SHEEP-SHEARER: Well, lie down so I can have one.

  5. Years ago, I gave my word to someone that I would commit myself to them for the rest of my life. I have kept it.

    But I could easily now fit in the ranks of the ‘miserable, angry, and really disappointed.’

    If someone provided advice that convinced my partner that perhaps, in putting some sort of value on me, preventing me being so meant that once in a while they might ‘want’ to do something about it for my sake, what’s wrong with that?

    Interestingly, all Ms Arndt is doing is re-iterating part of the advice St Paul gave regarding marital sex

    ‘The husband should fulfill his marital duty to his wife, and likewise the wife to her husband. The wife’s body does not belong to her alone but also to her husband. In the same way, the husband’s body does not belong to him alone but also to his wife.’

    And that’s hardly one sided, is it? (nor for that matter, is he as misogynistic as is normally put forward by the less well informed)

    But, like all suggestions of this kind, it will work for some and not for others. If this might help some, why are you seemingly so determined to draw a line for them at the point where your personal sensibilities are offended, by labelling it ‘disgusting and senseless’?

    Doesn’t feel much like the stance I should expect from someone who professes themselves to be a libertarian

    No offense intended, just challenging the principle. I’m sure that I merely draw my lines elsewhere :-)

  6. Thanks for taking the trouble to reply…I wondered if you would, given that no matter how hard I tried to phrase my thoughts, they couldn’t but sound possibly somewhat meanspirited

    I was merely trying to say that it’s interesting that no matter how, and I use your wording as it’s better than anything I can come up with, authentically libertarian many of us would wish to be, there is almost always something that each of us finds hard to take, in what others think, say or do and have to grit our teeth over while maintaining principle

    Perhaps its a background thing. I tend to equate libertarianism with social tolerance, and many of the people I know, while generally a most generous and forgiving bunch, are at their most illiberal and authoritarian over things in which, for them, ‘a personal attitude toward something is the same as ‘drawing a line’ for other people’. They seem all too willing to suspend principle when it suits their own prejudices

    It’s difficult to get tone from the written word and I’m sure that had I been able to hear what you were saying, doubtless I would have understood you properly the first time. I trust that you can forgive my curiosity

    • @ Cynicism Rules – I don’t see what this has to do with my libertarianism, or why labelling something ‘disgusting and senseless’ would contradict that. We all have to undergo things we’d rather not, and of course people can do what they like. I’m not trying to police anyone’s behaviour in the bedroom, but I don’t see why I shouldn’t express an opinion on what I consider to be rather bad advice. Do I have to put a disclaimer at the top of every post that these are my views, not proposals for bloody legislation? And my opinion is that sex, of all things, shouldn’t be a chore, and that anyone who’s satisfied by a partner who views sex as a trial to be endured is bizarre.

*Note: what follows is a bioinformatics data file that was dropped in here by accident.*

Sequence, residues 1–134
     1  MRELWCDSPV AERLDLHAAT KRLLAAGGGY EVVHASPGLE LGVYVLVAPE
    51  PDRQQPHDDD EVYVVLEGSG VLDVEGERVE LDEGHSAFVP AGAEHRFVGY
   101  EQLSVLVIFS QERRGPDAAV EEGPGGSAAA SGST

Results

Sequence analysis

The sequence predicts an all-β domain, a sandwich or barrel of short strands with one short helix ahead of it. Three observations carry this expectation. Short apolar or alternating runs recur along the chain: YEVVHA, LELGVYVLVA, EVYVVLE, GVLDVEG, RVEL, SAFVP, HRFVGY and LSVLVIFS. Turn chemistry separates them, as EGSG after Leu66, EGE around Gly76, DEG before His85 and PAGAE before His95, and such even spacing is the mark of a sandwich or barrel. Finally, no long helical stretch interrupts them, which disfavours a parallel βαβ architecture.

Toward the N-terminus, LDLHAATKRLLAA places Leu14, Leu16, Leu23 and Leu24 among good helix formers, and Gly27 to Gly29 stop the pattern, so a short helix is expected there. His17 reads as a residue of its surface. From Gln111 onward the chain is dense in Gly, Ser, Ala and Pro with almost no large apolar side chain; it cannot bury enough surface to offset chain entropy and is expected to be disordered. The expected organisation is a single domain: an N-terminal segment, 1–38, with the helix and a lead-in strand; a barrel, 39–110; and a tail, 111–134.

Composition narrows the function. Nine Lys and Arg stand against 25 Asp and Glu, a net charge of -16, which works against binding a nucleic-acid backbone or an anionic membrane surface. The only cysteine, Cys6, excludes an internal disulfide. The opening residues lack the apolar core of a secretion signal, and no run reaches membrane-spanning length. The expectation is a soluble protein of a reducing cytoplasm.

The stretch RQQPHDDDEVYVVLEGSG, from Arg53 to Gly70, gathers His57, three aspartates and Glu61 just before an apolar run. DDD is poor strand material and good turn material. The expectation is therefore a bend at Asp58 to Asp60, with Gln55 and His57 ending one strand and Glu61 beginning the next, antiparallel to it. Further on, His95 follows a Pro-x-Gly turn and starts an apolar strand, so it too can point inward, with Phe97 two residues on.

And while I agree with you that your chosen words of Pauline wisdom are ‘hardly one-sided,’ how is St Paul an authority on modern sexual relationships (or anything else, for that matter)? Not to mention the article in question doesn’t refer specifically to married couples anyway.

      Sorry if my tone is a bit hostile, but it really gets my goat when people assume that a personal attitude toward something is the same as ‘drawing a line’ for other people and use that to question whether or not I am really a libertarian. I don’t agree with or approve of lots of things; why should saying so mean I forfeit libertarian authenticity?

  7. I always thought St Paul was a bit of a hoon.

  8. ‘But I’m not sure that approving of people raping their wives is really consistent with any kind of libertarianism.’

    My first thought on seeing this was, ‘Fuck me if I can see how she thought that I said that’, and then I got worried for a moment that you might think that would be a good idea…until I read you properly

    You have a fair point on the reverse scenario. But while I have no experience or inclination to that particular practice, i certainly would neither disapprove or condemn anyone who did that on a mutually consenting basis. Who am I to load guilt on to two people who, in innocence, mutually enjoy something with each other? I’d certainly have to give it some really serious thought, too, if my other half said that they fancied the idea. It’s quite intriguing, actually.

    However, non consenting sex in any context is a no-no. I have no idea why you seem to think that I approve of marital rape. What I wrote did not explicitly say that I did, nor do I think it can be validly taken to either imply or infer that. (I was tempted to add ‘reasonably’ too, but I reckon we start from such different places, that your stating that might not be unreasonable from your point of view :-) )

    I don’t mind a decent argument but, unless it was an honest mistake, I’d really rather that you didn’t impute to me something that I didn’t say,or at least not without some qualification.

    Oh, and should I ever find myself bite the pillow for my other half’s sake, I won’t be thinking of England. Or St George for that matter. I’m not English ;-)

  9. Well, I didn’t want to say nuthin’ but…Australians are reportedly really freakin’ weird…

  10. Well, mean-spirited doesn’t really bother me. But I’m not sure that approving of people raping their wives is really consistent with any kind of libertarianism.

    Let’s consider the reverse scenario, shall we? Suppose your wife derived enormous sexual pleasure from giving it to you up the backside with a prosthetic. Would you roll over and bite that pillow for England? No. Nor should you feel obliged to. I wouldn’t approve of that, either, even if St Paul says it is partly her ass, too.

  11. I don’t mind a decent argument but, unless it was an honest mistake, I’d really rather that you didn’t impute to me something that I didn’t say,or at least not without some qualification.

    Sorry for this misunderstanding; I wasn’t imputing to you any views at all. When I said ‘I’m not sure approving of wife-rape is consistent with libertarianism,’ I was simply pointing up the fact that disapproving of wife rape is not inconsistent with libertarianism.

    Nothing to do with your views at all.